music in the park san jose

.Royal Remains

This stretch of El Camino Real is old school in all the right ways

music in the park san jose

In Santa Clara, the stretch of El Camino Real near San Tomas Expressway should be preserved in a museum of suburban wasteland history.

As any local explorer knows, El Camino demonstrates just how much the valley has changed over the years, with pieces of new and old, cookiecutter and hodgepodge, all sitting side by side.

As always, explorers must enter this area on foot, not in a car. Walking provides a more intimate connection with vacant lots, abandoned gas stations, defunct barbecue restaurants, weeds, bent chain-link fencing and banquet hotels from decades past. Driving by will not provide an adequate experience. One needs to pound the pavement.

Now, this is not a top-ten list of pheasant dishes in Paris or summer beach reads for an all-inclusive vacay. I am here to navigate a stretch of road where the temporal landscape merges with the crumbling physical landscape, where ghosts of everyday people—both valley pioneers and local barflies—all leave their traces underneath the surface. One must be an imaginative traveler, of course. Such is life.

There is no end or beginning, really, but the newer, fixed-up strip malls—the ones with dumb furniture outlets and huge empty parking lots—interest me none. The piecemeal janky crud is much more rocking.

Even better, the juxtaposition of the shuttered Andy’s Bar-B-Que with the soon-to-be revitalized Mariani’s Inn right down the street is a fantastic study in contrast. Mariani’s was once a legendary gathering spot for dining, reunions and speaking engagements of the more genteel sort. Andy’s is a squat windowless joint, a carnivore and cocktail hangout that somehow never really returned to the glory of its old Campbell location, when sawdust and plaid shirts ruled the landscape. Both places were old-school in all the right ways.

I can’t walk by the temporarily closed Mariani’s without imagining all the 50-year high school reunions, Knights of Malta luncheons or plates of veal flying off the counter. Man. But seriously, the Mariani clan was and is one of the most storied local families of the 20th century, contributing much to the agricultural heritage of this valley. Originally immigrants from Croatia when it was still part of the Austro-Hungarian Empire, the Marianis had their hands in everything—prunes, apricots, real estate, soccer teams, the whole nine yards.

I am not a food writer, but like any traveler, I will conjure up those who preceded me. Former Metro staffer Stett Holbrook penned a great 2006 column about the Mariani family’s apricot enterprise, including Andy’s Orchard, which still exists today. In 2006, Holbrook was the best food writer in the entire Bay Area, bar none. He has long since moved on to other jobs, but his words remain. And I remember that column.

That same year, Holbrook also reviewed Andy’s Bar-B-Que, including fond memories of the original location in the glorious 95008, sitting right there on Campbell Ave, with its neon-lit sign, in full view of anyone zooming south on 17. You could smell the bar-b-que from the freeway. For decades, people knew Andy’s from that perspective, whether they ever went there or not.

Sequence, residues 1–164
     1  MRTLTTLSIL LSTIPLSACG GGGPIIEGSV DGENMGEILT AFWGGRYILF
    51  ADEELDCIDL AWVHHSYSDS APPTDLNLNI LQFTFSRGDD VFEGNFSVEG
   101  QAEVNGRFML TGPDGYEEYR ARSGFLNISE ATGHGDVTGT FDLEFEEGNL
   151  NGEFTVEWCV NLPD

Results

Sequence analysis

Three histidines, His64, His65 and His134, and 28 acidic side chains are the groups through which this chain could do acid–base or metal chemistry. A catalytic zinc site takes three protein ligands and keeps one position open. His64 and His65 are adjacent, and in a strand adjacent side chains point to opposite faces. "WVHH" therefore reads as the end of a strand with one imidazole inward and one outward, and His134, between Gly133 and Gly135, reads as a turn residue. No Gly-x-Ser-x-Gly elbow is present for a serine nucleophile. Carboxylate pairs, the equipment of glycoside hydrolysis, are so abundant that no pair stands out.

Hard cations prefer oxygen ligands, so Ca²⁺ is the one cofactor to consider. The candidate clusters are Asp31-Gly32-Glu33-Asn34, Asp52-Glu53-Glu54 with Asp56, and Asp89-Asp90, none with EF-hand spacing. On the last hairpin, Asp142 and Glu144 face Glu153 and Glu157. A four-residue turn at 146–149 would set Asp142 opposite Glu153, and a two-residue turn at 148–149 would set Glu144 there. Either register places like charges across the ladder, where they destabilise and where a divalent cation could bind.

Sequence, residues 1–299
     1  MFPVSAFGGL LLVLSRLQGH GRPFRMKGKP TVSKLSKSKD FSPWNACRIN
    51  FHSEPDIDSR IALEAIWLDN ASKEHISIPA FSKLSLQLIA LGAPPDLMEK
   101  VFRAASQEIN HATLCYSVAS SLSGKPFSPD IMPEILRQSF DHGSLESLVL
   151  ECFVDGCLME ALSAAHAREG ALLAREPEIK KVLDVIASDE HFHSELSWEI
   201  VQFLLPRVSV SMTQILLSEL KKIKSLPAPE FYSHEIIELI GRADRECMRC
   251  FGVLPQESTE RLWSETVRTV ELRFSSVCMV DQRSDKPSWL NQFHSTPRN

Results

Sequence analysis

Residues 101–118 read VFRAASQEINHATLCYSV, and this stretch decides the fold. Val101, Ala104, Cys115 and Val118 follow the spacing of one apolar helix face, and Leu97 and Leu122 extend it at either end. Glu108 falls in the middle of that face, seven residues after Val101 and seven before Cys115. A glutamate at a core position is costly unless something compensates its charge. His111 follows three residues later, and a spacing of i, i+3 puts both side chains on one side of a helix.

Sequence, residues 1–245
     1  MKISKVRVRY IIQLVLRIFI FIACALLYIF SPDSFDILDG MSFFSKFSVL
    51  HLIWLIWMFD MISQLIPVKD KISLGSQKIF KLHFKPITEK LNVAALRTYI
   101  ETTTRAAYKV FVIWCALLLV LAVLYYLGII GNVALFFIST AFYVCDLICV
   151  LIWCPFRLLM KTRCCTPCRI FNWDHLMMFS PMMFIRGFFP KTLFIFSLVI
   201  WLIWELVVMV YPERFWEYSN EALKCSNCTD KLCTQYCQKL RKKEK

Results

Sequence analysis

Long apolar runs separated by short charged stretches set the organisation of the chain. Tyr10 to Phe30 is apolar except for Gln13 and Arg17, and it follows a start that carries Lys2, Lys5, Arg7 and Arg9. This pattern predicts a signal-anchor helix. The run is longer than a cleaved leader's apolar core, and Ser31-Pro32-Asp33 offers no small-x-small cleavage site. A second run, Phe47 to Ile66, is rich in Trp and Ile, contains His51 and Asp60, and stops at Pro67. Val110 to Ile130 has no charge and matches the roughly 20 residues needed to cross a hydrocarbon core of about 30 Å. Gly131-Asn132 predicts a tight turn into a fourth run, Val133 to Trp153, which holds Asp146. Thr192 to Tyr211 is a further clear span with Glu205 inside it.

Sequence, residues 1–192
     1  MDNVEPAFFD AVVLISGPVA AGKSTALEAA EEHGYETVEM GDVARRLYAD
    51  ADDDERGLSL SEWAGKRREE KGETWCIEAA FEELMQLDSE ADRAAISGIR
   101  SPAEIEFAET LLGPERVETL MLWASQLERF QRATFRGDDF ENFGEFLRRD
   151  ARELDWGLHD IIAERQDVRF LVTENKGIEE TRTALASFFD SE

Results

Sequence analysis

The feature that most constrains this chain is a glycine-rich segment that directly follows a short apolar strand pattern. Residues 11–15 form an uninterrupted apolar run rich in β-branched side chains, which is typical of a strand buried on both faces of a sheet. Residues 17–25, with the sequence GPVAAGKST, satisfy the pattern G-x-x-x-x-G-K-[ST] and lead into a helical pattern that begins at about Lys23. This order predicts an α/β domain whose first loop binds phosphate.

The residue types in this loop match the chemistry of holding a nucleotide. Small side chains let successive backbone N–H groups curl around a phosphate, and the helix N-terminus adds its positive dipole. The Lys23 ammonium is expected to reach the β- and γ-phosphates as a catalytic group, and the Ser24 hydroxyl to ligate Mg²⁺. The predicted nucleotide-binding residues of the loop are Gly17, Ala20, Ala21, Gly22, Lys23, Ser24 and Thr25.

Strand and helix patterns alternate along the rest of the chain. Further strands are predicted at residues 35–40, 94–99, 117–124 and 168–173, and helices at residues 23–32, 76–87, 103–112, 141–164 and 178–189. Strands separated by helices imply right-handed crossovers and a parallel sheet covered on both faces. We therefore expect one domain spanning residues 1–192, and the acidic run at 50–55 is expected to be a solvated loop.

Now, though, Andy’s sits abandoned on El Camino Real. The proprietor has left the building, in more ways than one. The cactus growing outside completes the scenario perfectly. The emptiness of the parking lot just screams at you. A single orange cone sits in front of the doorway, for whatever reason. 

Mariani’s, where remodeling is currently under way, remains much more uplifting. It is a throwback to an era when people in Santa Clara still complained about the no-smoking laws in bars. You see, way back in the ’90s, Mariani’s fought that law tooth and nail. And that was just the ’90s, which seems like a recent decade compared to much of what else transpired at that legendary property. Generations of Marianis have been all over the map and they will surely transform this place into something quite cool.

Meanwhile, the rest of this sordid stretch of El Camino features a smattering of strip malls, both new and ancient. It is well worth the stroll. To riff yet again on Rumi: Somewhere out there beyond cookiecutter and hodgepodge, there is the Royal Road. I will meet you there.

Gary Singh
Gary Singh
Gary Singh’s byline has appeared over 1500 times, including newspaper columns, travel essays, art and music criticism, profiles, business journalism, lifestyle articles, poetry and short fiction. He is the author of The San Jose Earthquakes: A Seismic Soccer Legacy (2015, The History Press) and was recently a Steinbeck Fellow in Creative Writing at San Jose State University. An anthology of his Metro columns, Silicon Alleys, was published in 2020.


  1. Hey, Gary, when you return to Santa Clara, you might want to take a walk around Franklin Square, including the yellowed historical markers on Jackson St. describing the old downtown that is no more.

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